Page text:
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LMU 12 – Understanding the Gluten-Free Movement: Celiac Disease, Wheat Allergy, and Gluten Sensitivity

LMU-12

LMU 12 – Understanding the Gluten-Free Movement: Celiac Disease, Wheat Allergy, and Gluten Sensitivity

Source: Journal of Clinical Nutrition, April, 2015 (Vol. 34, Issue 2, pages: 189-194)

Lifestyle Medicine Update (June, 16, 2016)

Introduction:

Gluten has become a hot topic due to the rising popularity of the gluten-free movement. It combines two proteins in wheat and other grains: gliadin and glutenin.

Celiac Disease: The Autoimmune Disorder

Among these proteins, gliadin is responsible for causing problems in individuals with Celiac Disease. Celiac Disease is an autoimmune disorder triggered by the gliadin fraction of gluten, leading to an abnormal immune response in the small intestine. This results in an inflammatory reaction that damages the gut lining and interferes with nutrient absorption. Common manifestations of Celiac Disease include chronic diarrhea, abdominal distension after meals, weight loss, growth failure in children, and anemia. Testing for Celiac Disease involves a simple blood test and confirmation through an intestinal biopsy.

Managing Celiac Disease: Avoiding Gluten

The primary management of Celiac Disease involves avoiding all food sources of gluten, which include wheat, barley, bulgur, oats (due to potential contamination), rye, seitan, triticale, and mir. Gluten may also be present in ingredients like barley malt, chicken broth, malt vinegar, some salad dressings, veggie burgers (if not specified gluten-free), and soy sauce, as well as common seasonings and spice mixes.

Wheat Allergy: An Allergic Reaction

Approximately 1% of the population has Celiac Disease, and an additional 1% has a wheat allergy. Wheat allergy involves an allergic reaction to wheat proteins, including gluten, and often presents with atopic symptoms like hay fever, hives, eczema, and asthma.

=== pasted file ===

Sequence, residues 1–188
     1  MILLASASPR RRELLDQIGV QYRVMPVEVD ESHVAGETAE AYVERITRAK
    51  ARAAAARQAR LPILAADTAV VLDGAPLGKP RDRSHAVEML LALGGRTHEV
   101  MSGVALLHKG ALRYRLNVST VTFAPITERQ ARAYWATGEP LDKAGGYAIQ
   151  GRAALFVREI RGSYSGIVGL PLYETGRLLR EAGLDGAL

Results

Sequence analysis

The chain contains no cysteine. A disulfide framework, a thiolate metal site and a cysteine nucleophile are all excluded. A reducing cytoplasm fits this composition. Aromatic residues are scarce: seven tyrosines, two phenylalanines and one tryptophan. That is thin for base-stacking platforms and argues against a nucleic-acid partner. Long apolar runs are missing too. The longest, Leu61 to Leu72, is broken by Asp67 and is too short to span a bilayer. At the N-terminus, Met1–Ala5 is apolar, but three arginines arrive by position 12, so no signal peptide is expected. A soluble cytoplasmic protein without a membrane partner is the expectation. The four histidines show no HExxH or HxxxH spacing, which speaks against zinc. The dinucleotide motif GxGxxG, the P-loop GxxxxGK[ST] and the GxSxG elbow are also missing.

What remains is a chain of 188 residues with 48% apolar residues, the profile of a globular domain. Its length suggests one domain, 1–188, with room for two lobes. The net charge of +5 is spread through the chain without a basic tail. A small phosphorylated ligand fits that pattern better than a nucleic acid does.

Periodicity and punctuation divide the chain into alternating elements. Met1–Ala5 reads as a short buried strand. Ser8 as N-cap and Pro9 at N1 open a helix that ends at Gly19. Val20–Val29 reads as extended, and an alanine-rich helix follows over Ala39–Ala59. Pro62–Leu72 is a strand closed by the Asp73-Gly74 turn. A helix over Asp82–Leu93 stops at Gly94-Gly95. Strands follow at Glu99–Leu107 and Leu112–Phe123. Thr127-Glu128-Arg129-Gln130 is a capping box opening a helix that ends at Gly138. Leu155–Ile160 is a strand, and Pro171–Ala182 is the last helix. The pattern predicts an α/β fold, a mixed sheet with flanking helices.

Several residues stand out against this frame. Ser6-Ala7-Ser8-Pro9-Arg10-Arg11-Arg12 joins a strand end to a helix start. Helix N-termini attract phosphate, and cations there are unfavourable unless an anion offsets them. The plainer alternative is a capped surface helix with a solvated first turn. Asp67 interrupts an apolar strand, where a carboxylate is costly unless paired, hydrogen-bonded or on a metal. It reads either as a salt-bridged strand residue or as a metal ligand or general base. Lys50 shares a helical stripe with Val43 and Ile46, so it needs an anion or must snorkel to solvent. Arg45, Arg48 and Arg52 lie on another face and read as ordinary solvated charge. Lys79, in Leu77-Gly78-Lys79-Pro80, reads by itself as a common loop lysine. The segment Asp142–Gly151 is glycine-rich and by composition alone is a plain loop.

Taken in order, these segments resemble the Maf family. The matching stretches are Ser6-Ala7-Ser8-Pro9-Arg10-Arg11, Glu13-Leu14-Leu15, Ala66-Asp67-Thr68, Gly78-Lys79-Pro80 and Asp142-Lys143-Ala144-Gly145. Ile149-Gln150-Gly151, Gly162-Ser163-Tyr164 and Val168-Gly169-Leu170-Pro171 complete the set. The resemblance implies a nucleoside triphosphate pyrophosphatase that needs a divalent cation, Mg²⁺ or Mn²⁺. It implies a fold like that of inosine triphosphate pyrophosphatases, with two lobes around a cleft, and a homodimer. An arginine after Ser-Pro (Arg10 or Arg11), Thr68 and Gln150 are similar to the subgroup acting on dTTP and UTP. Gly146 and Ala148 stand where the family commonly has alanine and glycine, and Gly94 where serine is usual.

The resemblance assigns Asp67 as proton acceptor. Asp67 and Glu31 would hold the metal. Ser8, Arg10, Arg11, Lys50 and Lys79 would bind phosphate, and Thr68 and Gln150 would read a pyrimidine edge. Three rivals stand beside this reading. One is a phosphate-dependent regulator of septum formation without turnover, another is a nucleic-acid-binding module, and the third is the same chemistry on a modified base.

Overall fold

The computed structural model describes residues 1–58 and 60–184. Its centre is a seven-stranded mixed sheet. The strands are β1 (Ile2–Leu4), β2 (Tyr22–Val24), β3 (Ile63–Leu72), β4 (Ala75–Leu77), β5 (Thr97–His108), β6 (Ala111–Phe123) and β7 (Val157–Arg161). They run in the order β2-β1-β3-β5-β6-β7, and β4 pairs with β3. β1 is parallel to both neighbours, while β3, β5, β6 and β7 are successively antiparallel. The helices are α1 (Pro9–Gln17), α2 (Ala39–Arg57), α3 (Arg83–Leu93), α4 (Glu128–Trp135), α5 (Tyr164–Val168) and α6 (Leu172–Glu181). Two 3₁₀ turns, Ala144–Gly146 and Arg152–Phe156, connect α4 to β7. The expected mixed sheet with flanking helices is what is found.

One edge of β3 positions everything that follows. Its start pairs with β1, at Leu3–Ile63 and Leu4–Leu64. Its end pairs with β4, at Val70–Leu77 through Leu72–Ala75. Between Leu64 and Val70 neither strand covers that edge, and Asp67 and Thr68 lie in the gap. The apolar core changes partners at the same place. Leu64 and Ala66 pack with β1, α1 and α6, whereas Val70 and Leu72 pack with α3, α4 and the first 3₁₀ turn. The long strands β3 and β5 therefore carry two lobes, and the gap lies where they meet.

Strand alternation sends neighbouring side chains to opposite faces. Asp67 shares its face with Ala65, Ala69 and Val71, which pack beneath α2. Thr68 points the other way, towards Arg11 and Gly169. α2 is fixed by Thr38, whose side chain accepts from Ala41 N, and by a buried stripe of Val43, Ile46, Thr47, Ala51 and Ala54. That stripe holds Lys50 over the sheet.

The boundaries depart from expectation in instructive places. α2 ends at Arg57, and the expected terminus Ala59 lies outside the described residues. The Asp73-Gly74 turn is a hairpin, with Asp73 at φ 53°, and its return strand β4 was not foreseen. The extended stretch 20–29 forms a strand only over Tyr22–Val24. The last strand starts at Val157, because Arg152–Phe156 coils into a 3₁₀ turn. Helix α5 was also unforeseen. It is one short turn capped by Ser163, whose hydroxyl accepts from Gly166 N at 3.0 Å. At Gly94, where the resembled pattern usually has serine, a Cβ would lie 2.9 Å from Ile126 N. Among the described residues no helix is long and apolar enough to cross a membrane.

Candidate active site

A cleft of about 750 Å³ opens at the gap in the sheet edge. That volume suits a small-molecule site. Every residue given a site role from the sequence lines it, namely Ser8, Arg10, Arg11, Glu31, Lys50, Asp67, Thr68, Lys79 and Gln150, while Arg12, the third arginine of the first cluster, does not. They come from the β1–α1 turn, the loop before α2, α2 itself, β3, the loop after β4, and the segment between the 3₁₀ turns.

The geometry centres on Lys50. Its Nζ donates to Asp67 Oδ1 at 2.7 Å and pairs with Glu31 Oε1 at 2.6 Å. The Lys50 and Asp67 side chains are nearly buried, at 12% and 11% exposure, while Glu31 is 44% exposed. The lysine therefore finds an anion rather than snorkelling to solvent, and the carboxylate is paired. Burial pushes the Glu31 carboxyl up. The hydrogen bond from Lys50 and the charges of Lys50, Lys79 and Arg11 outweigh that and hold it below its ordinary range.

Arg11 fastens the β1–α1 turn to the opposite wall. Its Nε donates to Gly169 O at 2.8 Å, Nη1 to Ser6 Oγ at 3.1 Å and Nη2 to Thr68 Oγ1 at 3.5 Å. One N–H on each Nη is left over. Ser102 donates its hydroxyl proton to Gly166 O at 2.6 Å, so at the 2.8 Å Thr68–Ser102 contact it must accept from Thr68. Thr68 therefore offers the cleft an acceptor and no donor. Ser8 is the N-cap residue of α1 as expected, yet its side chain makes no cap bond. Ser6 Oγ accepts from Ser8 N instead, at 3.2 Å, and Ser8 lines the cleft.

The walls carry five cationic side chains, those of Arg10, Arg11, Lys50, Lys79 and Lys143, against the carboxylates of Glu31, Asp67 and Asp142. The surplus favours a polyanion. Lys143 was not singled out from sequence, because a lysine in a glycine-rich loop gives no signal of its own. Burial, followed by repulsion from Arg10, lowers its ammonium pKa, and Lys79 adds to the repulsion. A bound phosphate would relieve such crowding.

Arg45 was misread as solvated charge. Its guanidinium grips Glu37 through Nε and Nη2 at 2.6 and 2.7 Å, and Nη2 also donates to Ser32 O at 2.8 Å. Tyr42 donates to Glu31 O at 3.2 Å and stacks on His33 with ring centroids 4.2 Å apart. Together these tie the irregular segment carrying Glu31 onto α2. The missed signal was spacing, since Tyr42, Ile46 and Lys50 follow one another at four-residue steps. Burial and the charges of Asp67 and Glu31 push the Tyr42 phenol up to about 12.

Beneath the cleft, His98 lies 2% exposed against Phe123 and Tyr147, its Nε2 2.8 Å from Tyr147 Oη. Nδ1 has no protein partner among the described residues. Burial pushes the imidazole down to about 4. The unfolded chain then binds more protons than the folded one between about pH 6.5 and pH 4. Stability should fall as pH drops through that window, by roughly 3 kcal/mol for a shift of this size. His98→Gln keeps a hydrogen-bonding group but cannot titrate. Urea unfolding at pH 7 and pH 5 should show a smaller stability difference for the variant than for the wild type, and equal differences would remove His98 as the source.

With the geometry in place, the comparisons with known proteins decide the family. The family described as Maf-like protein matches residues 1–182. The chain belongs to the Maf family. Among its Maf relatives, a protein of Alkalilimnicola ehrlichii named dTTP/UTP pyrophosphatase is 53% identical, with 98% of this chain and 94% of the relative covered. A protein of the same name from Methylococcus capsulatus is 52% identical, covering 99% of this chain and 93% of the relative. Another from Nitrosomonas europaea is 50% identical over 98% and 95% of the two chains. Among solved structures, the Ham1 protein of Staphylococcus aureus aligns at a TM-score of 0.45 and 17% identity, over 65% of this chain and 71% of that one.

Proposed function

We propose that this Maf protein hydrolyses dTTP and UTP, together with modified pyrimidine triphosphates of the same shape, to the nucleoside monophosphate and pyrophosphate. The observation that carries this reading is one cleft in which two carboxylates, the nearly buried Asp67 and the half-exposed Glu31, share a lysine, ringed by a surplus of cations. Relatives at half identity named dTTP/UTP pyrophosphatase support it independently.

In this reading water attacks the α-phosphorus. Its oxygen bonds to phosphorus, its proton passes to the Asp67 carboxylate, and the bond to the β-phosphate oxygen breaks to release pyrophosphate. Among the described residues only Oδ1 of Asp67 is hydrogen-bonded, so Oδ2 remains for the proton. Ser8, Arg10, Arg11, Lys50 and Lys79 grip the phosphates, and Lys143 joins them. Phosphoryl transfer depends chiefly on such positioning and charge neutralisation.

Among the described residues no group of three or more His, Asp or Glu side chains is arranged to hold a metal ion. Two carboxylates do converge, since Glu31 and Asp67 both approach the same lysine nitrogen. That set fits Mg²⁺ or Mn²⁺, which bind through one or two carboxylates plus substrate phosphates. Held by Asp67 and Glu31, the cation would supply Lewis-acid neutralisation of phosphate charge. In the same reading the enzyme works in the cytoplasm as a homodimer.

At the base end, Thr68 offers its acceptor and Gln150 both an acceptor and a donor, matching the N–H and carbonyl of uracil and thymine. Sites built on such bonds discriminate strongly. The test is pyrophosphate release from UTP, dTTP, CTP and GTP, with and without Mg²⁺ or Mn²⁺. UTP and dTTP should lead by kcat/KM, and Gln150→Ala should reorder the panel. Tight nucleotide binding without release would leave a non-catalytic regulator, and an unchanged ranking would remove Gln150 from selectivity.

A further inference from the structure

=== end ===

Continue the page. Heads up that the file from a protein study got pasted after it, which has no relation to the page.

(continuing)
Gluten Sensitivity or Intolerance: A New Health Condition

In 2012, researchers recognized and published a new health condition called Gluten Sensitivity or Intolerance. This condition shares symptoms with Celiac Disease but does not show the presence of antibodies or celiac damage in the intestinal tract. About 6% of the population is estimated to have gluten sensitivity, and avoiding gluten-containing foods has been shown to improve intestinal symptoms such as bloating, frequent diarrhea, cramping pain, and associated joint pain and fatigue. Gluten Sensitivity is also common in people with irritable bowel syndrome (IBS), and avoiding gluten in such cases can help reduce IBS symptoms. However, not all cases of IBS are linked to gluten sensitivity.

Gluten’s Impact on Schizophrenia and Autism Spectrum Disorder

Evidence suggests that gluten sensitivity might trigger symptoms in some patients with schizophrenia or autism spectrum disorder. Though only a tiny percentage of patients may benefit, it is worth considering a simple trial of avoiding gluten to enhance the treatment of schizophrenia and improve the symptoms of autism.

The Wider Perspective: Gluten Issues in the Population

It is essential to note that Celiac Disease, wheat allergy, and gluten sensitivity combined account for less than 10% of the entire population. For most people, gluten is not a problem. Therefore, going gluten-free is only necessary if an apparent problem or a medical diagnosis requires it.

Gluten-Free Diets: A Cautionary Note

For individuals interested in gluten-free diets, it is crucial to understand that gluten-free foods often contain added fats and carbohydrates to replace gluten. For those without gluten sensitivity or Celiac Disease, these additional calories may not be beneficial and can lead to other health concerns.

Conclusion

In conclusion, while the gluten-free movement has gained significant attention, it is primarily essential for individuals with Celiac Disease, wheat allergy, or gluten sensitivity. For everyone else, gluten is generally not a problem. If you experience the abdominal symptoms mentioned earlier, and your doctor cannot identify a specific cause, you may consider exploring gluten sensitivity. It is always advisable to consult with healthcare professionals or registered dietitians before making significant dietary changes.

References:

  1. Clinical Nutrition, April 2015. http://www.clinicalnutritionjournal.com/article/S0261-5614(14)00218-0/fulltext
  2. Gluten-free Foods: http://www.healthline.com/health/allergies/gluten-food-list#Overview1
  3. Other Gluten Reference and Resource: http://www.livescience.com/53265-what-is-gluten.html
  4. Wheat Allergy Information: http://acaai.org/allergies/types/food-allergies/types-food-allergy/wheat-gluten-allergy

Dr. James Meschino

ABOUT THE AUTHOR

Dr. James Meschino, DC, MS, ROHP, is an educator, author, and researcher having lectured to thousands of healthcare professionals across North America. He holds a Master’s Degree in Science with specialties in human nutrition and biology and is recognized as an expert in the field of nutrition, anti-aging, fitness, and wellness as well as the author of numerous books.

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